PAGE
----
Camden community treasures to receive new protection from developers
- Credit: Archant
Much-loved Camden buildings, gardens, cemeteries and even postboxes will receive greater protection from developers under new council rules.
A change to the council’s planning laws designed to recognise community assets not protected by English Heritage’s statutory listed status was approved by the cabinet on Wednesday last week.
Under the new rules, more than 350 sites have been nominated by residents to form a “Local List” of important community landmarks that will attract special consideration from planning officers if threatened by future developments.
Camden Council leader Cllr Sarah Hayward said: “It will tell developers that this site is of particular significance to Camden people, and it could be significant for a number of reasons.
“It could be architecturally significant, historically significant or a building that everyone regards as ugly but something significant happened in it.
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“It doesn’t mean you can’t bulldoze those buildings but it gives an extra layer of protection.”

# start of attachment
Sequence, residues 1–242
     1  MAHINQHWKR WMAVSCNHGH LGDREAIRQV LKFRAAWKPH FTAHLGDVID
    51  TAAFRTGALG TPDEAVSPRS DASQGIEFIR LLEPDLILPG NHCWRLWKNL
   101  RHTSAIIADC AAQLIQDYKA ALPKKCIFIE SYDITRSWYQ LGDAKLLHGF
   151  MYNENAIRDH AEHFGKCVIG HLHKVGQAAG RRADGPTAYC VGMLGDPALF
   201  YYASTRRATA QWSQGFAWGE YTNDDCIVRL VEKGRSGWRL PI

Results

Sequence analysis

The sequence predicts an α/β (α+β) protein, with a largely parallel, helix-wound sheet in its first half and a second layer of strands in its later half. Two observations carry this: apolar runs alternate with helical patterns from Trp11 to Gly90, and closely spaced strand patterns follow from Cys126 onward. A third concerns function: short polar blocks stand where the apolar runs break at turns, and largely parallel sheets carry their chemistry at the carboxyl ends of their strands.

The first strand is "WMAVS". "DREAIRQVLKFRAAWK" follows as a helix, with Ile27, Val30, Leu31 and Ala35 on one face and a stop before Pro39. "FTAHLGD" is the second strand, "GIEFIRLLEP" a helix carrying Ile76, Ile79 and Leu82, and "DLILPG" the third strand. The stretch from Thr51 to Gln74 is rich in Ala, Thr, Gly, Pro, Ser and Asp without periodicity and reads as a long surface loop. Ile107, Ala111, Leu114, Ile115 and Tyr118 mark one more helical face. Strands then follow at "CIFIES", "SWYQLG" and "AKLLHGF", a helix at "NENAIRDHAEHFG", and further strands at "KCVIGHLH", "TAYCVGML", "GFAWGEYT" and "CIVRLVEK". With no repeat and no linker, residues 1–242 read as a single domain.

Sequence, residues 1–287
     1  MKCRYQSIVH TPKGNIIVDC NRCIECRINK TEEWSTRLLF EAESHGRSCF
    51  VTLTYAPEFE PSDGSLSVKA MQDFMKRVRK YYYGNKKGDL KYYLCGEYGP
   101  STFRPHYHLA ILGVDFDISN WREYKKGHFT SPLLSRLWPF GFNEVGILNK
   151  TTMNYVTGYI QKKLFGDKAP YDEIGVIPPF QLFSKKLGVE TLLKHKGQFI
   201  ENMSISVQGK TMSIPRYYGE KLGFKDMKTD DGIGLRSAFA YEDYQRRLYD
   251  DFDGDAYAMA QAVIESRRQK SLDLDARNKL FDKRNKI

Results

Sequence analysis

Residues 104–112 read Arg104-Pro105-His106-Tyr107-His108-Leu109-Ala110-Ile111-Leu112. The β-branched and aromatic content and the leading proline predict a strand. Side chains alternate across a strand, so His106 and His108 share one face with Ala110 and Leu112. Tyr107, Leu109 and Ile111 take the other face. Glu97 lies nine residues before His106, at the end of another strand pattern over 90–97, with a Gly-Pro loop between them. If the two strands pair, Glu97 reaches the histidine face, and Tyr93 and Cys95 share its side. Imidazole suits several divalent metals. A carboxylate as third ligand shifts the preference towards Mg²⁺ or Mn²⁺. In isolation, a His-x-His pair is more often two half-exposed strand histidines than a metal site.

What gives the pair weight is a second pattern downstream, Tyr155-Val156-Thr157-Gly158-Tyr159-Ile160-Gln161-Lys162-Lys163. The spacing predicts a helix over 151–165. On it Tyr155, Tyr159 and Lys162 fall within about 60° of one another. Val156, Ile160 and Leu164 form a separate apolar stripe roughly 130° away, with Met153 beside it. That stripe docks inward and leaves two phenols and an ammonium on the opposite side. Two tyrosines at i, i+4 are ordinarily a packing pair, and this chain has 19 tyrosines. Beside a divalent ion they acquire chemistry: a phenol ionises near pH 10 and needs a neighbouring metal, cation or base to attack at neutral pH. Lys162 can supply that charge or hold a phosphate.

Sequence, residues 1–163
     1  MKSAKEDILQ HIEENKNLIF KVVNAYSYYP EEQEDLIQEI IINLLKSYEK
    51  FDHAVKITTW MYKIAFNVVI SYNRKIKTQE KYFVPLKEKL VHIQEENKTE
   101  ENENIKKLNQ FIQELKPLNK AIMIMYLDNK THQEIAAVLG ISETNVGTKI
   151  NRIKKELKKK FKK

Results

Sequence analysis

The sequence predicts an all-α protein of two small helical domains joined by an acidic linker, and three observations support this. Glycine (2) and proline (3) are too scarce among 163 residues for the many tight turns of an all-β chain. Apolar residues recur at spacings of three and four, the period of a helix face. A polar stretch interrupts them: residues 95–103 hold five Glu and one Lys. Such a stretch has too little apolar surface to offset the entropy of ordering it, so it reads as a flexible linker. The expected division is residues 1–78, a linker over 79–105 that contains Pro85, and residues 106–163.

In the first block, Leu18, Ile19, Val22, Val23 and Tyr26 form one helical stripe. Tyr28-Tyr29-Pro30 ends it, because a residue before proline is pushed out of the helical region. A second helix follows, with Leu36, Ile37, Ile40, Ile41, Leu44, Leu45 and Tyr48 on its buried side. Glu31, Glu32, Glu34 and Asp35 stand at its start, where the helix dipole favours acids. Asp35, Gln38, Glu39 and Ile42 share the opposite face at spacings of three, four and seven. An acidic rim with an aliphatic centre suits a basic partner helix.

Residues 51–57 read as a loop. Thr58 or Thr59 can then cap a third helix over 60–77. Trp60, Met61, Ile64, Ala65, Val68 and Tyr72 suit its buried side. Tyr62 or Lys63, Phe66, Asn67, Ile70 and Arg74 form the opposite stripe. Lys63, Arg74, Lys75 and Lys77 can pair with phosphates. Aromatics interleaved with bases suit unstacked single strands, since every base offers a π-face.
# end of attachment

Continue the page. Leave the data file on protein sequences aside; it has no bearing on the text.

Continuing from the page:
A final version of the “Local List”, which includes sites in all 18 Camden wards, now awaits formal approval from the council.
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Among the sites on the draft list are the grounds of Athlone House, old parish boundary markers on the wall of The Gatehouse pub, the railway arches next to Gospel Oak station and historic Hampstead Cemetery in West Hampstead.
An “Edward VII pillar box” dating back to 1852, on the corner of Willoughby Road and Rudall Crescent, in Hampstead, is also on the list, as well as eight Victorian lampposts around Hampstead.
Camden Conservative leader Cllr Claire-Louise Leyland asked cabinet if more could be done through a change to council planning rules to protect local pubs from closure by developers.
Cllr Phil Jones, cabinet member for regeneration, transport and planning, said the council would explore “what more can be done” but insisted their “hands are tied by numerous national planning restrictions”.